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I left my soul there / Down by the sea / I lost control here / Living free – Morcheeba, The Sea

I think anyone who has visited Dungeness will attest to the fact it is a strange and often eerie place. A vast network of barren flatlands, it is home to a host of wildlife, some alien-looking concrete sculptures, a thankfully underrated and thus often deserted beautiful beach, and a much loved, rideable little steam train which has filled the dreams of many a Kentish child.

On visiting the area, one is struck immediately by the landscape. The gleaming green wetlands of an RSPB nature reserve contrast, in a bittersweet thrill, with the deserted expanse which runs along the seafront; startling red rusting machinery and crumbling fisherman’s shacks dot the horizon. The effect is very much ‘Texas Chainsaw Massacre‘ and its power hinges partly on the same provocation of human emotion which made successful that infamous film – the exposure. The vulnerable haunting nature of a sparsely populated area. A lack of shelter, a lack of shade. Nowhere to hide, no-one to help. Of course at Dungeness there are plenty of houses, but certain areas of the front are almost entirely empty. A few architects and design gurus have taken the opportunity to build experimental structures, which sit upon the plains like spaceships landed on an African peninsula.

A trip up the lighthouse allows you to survey this scene in all its glory, the mini steamtrain line on its perpetual circuit, the endless patches of reds and browns interspersed with grey waves of shingle and sprinkles of green, the open ground scorched from the all-seeing sun in tandem with the assisting sea breeze.

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An exploratory walk North-West leads you over this dusty earth and through to the nature reserve where upon the horizon great blue lakes appear, quenching the entire landscape. The air becomes fresher, the wildlife more prolific and an abundance of beautiful birds showcase the best of nature’s design and make you remember why the RSPB are so important.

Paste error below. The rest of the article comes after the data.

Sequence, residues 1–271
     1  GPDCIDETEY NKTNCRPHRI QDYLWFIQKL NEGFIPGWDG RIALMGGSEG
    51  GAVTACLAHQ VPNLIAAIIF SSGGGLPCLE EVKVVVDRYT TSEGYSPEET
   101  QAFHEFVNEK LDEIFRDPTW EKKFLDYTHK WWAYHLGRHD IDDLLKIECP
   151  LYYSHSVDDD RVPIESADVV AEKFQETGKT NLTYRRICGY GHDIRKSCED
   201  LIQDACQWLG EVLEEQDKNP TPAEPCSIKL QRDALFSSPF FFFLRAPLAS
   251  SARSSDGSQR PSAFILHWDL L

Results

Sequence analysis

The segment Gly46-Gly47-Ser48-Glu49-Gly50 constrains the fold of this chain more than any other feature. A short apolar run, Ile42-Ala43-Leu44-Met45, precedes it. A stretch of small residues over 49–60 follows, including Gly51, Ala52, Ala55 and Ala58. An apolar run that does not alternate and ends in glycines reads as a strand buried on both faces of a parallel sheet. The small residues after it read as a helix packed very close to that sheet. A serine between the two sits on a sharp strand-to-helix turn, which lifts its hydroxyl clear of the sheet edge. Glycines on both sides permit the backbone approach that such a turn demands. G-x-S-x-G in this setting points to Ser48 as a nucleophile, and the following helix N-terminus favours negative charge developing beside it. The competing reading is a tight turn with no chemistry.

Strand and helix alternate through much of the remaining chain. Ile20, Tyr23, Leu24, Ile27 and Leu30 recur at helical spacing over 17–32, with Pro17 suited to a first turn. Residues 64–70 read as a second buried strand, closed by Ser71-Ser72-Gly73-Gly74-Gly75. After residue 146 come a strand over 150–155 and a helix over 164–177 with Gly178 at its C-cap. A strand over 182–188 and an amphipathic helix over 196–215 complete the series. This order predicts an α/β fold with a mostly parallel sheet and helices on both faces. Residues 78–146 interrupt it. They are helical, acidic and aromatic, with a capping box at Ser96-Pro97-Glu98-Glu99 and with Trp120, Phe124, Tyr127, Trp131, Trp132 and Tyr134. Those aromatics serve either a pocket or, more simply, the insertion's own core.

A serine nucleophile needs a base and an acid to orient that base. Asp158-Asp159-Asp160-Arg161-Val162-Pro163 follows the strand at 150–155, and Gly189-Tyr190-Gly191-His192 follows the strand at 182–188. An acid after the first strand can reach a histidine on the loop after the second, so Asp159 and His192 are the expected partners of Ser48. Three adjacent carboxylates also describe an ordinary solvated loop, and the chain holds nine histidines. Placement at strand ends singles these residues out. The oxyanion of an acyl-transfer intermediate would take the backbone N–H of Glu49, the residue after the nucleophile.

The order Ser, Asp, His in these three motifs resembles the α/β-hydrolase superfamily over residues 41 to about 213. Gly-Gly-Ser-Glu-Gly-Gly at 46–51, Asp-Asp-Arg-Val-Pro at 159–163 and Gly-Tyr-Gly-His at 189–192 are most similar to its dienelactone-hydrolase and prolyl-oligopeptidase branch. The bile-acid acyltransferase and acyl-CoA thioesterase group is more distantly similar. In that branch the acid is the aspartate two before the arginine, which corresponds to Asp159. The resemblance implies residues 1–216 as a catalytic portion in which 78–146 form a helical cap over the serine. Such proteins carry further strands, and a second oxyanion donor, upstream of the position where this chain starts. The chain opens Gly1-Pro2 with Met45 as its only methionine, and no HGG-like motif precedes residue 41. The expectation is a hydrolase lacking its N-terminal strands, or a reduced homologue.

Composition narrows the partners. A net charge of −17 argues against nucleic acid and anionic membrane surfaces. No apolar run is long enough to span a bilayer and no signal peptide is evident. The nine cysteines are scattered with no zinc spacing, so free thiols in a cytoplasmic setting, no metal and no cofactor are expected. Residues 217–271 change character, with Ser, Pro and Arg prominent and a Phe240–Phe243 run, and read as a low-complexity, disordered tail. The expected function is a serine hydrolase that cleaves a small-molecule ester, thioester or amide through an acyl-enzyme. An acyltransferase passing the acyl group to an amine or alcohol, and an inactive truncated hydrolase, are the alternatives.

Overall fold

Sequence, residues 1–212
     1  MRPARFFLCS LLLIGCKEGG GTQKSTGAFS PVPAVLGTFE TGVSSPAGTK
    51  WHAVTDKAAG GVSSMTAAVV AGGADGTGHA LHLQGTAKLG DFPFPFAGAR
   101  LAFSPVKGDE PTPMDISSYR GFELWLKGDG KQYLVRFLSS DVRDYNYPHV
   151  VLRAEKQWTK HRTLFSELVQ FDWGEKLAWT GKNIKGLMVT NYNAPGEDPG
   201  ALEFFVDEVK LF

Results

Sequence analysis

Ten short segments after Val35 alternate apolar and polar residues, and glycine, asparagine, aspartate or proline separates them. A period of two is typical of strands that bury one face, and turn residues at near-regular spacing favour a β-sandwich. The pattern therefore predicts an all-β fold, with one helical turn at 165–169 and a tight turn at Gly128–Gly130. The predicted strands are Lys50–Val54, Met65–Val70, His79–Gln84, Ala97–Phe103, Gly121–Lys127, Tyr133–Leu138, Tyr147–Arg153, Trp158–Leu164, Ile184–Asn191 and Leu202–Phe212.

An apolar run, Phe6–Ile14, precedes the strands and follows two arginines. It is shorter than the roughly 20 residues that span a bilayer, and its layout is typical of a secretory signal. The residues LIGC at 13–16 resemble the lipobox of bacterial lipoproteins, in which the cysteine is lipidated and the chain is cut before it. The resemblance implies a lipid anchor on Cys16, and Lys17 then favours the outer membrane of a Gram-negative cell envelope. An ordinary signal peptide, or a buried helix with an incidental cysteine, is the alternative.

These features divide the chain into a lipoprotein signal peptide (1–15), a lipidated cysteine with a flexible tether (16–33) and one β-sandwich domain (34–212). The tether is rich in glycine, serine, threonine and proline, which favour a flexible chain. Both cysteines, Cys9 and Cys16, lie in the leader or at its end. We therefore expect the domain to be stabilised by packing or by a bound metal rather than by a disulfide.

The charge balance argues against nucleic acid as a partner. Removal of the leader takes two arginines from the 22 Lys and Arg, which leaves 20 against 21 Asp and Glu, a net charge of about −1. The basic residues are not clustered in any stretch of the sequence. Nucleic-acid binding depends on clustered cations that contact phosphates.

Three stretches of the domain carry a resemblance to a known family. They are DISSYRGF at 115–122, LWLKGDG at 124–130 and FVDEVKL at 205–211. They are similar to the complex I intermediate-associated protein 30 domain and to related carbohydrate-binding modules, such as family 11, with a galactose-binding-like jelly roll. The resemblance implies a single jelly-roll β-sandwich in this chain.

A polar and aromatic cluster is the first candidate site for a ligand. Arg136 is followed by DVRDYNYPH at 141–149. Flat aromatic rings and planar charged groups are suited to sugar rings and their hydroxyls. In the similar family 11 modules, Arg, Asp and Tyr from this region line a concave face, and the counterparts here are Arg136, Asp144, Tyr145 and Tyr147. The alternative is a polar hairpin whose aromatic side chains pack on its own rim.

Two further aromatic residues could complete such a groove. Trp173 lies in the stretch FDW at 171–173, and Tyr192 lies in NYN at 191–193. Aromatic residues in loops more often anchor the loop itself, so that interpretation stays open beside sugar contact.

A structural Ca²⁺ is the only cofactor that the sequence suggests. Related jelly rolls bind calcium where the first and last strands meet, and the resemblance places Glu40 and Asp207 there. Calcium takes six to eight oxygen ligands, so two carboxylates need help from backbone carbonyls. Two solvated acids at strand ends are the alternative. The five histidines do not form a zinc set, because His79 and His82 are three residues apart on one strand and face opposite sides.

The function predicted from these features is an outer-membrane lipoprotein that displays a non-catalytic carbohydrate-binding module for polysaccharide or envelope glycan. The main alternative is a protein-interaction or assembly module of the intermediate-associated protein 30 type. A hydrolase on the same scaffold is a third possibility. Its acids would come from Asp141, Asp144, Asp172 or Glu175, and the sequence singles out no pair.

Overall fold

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Emerging from this bliss and turning North-East will lead you straight to the ‘Acoustic Mirrors’. Set amongst the lush vegetation and straddling an impressive lake, these striking concrete structures were erected around the time of the second world war. Dungeness, the only part of Britain classified as desert by the Met office, seemed a perfect spot to erect these objects, relying as they did on quiet surroundings to pick up the noise of approaching enemy planes. The acoustic mirrors, or ‘listening ears’ as they were known, were an early exploration into the principles of radar, their use discontinued once new technological advancements surpassed their capability. They are now of historical interest and it is possible to cross the water to walk around them.

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And besides all this you still have the glistening beach, shrouded with an ominous rising steamy mist at low tide on a hot day and thanks to the proximity of local favorite camber sands, used mainly by locals, with a few scattered tourists.

In all, the place is, well, strange. The first time, a bit too strange. But the second time. The second time I fell in love. See you soon Dungeness x

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Photograph: Greg Shrubsole

Photograph: Greg Shrubsole

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Photograph: Greg Shrubsole

Photograph: Greg Shrubsole

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Photograph: Greg Shrubsole

Photograph: Greg Shrubsole

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Photograph: Greg Shrubsole

Photograph: Greg Shrubsole

Photograph: Greg Shrubsole

Photograph: Greg Shrubsole

Photograph: Greg Shrubsole

Photograph: Greg Shrubsole

Photograph: Greg Shrubsole

Photograph: Greg Shrubsole

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All photographs Kate Withstandley except those specified